I think the magnitude, or efficacy, of the effects of any agents should be dependent on how many times the agent vacuole has been "levelled up". I know organs in the Aware Stage can be levelled up, so can organelles be levelled up to improve efficiency and processing power? 

Now bear with me, this will sound very arcade-style, but I cannot think of another way to explain a levelling system involving organelles. Here is an example Agent Vacuole and the effects at each level.

Agent Vacuole:

  1. 15% decrease to target cell mitochondria efficiency
  2. 30% decrease
  3. 45% decrease
  4. 60% decrease
  5. 75% decrease

Each time it would level up, the effects would scale up, until eventually reaching a set maximum, in this case 75%.

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Last edited by NickTheNick on Wed Jun 26, 2013 3:08 am; edited 1 time in total
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PostSubject: Re: Agents Discussion   Wed Jun 26, 2013 2:32 am

NickTheNick wrote:

Agent Vacuole:

  1. 15% decrease to target cell mitochondria efficiency
  2. 30% decrease
  3. 45% decrease
  4. 60% decrease
  5. 75% decrease

Each time it would level up, the effects would scale up, until eventually reaching a set maximum, in this case 75%.

That sounds like good maximum, if we would give player 100%, he would be almostly undestructible.
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PostSubject: Re: Agents Discussion   Wed Jun 26, 2013 5:41 am

WilliamstheJohn wrote:
NickTheNick wrote:

Agent Vacuole:

  1. 15% decrease to target cell mitochondria efficiency
  2. 30% decrease
  3. 45% decrease
  4. 60% decrease
  5. 75% decrease

Each time it would level up, the effects would scale up, until eventually reaching a set maximum, in this case 75%.

That sounds like good maximum, if we would give player 100%, he would be almostly undestructible.
He wouldn't really be indestrucable, but it's next to impossible finding 'perfect' examples in nature. There will always be some things, no matter how small, which will still hinder the work of these organelles and it will probably never reach 100% efficiency.
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PostSubject: Re: Agents Discussion   Wed Jun 26, 2013 6:26 am

Ok, on agent eficiency.

First off, an agent that reduces other organelles eficiency by 100% doesent make the cell bearing it unkillable, it just gives them a great advantage. Opposing cells can still avoid the agent, or develop some resistance or immunity to that agent (that's another concept we need to talk about).

Second, i agree on the "leveling up" the vacuole to make it produce better agents. There are other ways of leveling up that i would like to point out, however:


  • Fixed cost through a list of eficiencies. Thats the method proposed by Nick. Each "leveling up" costs a fixed amount, and you just climb the list. Once you are at the top, you just cant upgrade.
  • Fixed cost through an infinite list. Every leveling up costs a fixed amount, but every time you get less eficiency gain. For example, that would mean that going from 10% to 30% would only need one "level up", but from 70% to 80% would need five. If you try to go to 90% from there, you need 25 "level ups".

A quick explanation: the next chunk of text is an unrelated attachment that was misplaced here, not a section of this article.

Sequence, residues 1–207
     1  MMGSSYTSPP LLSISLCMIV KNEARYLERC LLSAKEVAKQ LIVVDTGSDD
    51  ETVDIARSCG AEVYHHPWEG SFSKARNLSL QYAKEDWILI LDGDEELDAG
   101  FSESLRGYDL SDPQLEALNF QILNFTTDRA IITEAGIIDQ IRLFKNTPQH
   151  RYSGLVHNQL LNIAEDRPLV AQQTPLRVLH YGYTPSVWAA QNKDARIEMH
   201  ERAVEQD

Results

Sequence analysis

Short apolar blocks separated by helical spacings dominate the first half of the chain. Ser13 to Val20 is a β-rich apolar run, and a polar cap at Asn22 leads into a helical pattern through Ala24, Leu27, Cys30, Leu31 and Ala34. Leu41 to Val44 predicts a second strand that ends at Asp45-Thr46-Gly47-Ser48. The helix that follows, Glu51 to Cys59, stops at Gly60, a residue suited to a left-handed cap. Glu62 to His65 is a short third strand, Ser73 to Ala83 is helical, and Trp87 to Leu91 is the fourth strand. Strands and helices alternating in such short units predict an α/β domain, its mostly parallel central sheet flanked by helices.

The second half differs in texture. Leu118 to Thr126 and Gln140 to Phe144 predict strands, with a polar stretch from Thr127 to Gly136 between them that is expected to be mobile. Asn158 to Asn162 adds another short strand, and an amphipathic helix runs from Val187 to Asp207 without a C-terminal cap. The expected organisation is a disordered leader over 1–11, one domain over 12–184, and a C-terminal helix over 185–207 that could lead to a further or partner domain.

• Increasing costs through an infinite list. On top of the last one, each susequential "level up" costs more than the last. That would make it even harder geting to the higher percentages. For example, each upgrade costs 1 MP more than the last one.

All above amounts are examples, don't take them as final values.

The reason I'm proposing this is because it eliminates the "hard limit" the list presents. With the list, once you get to the last value, you know it is as good as it can get, and you forget about it. With an infinite amount of upgrades, you never reach the limit*, but there is a point where you are better off spending those points somewhere else. This is usually called a "soft limit".

*:
 
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PostSubject: Re: Agents Discussion   Wed Jun 26, 2013 7:22 am

That's a good point Daniferrito but it seems better to just reduce the percentage with upper levels, something like:
Spoiler:
 
That way you don't spend lots of MP for "ghost" level ups that don't do anything, you are always improving the agent but its get less upgraded with each level and i think it's easier to understand don't know about implementation though.

About the resistance gaining, i've said it before, what do you guys say about plasmids?
http://en.wikipedia.org/wiki/Plasmid
Spoiler:
 
NickTheNick i agree with you that the environment should be rich with lots of stuff to be explored by the player and give him just rewards for this but there are other things that could serve this purpose besides organelles.
Another thing, about unlocking new agents so 1 agent vacuole produce 1 agent max, does this mean that there would be at least 10 types of Agent vacuoles each a different organelle or The Agent Vacuole is one organelle that can be upgraded to different kinds like so:
Spoiler:
 


Last edited by Tritium on Wed Jun 26, 2013 7:35 am; edited 1 time in total
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PostSubject: Re: Agents Discussion   Wed Jun 26, 2013 7:29 am

Daniferrito wrote:
Ok, on agent eficiency.


  • Increasing costs through an infinite list. On top of the last one, each susequential "level up" costs more than the last. That would make it even harder geting to the higher percentages. For example, each upgrade costs 1 MP more than the last one.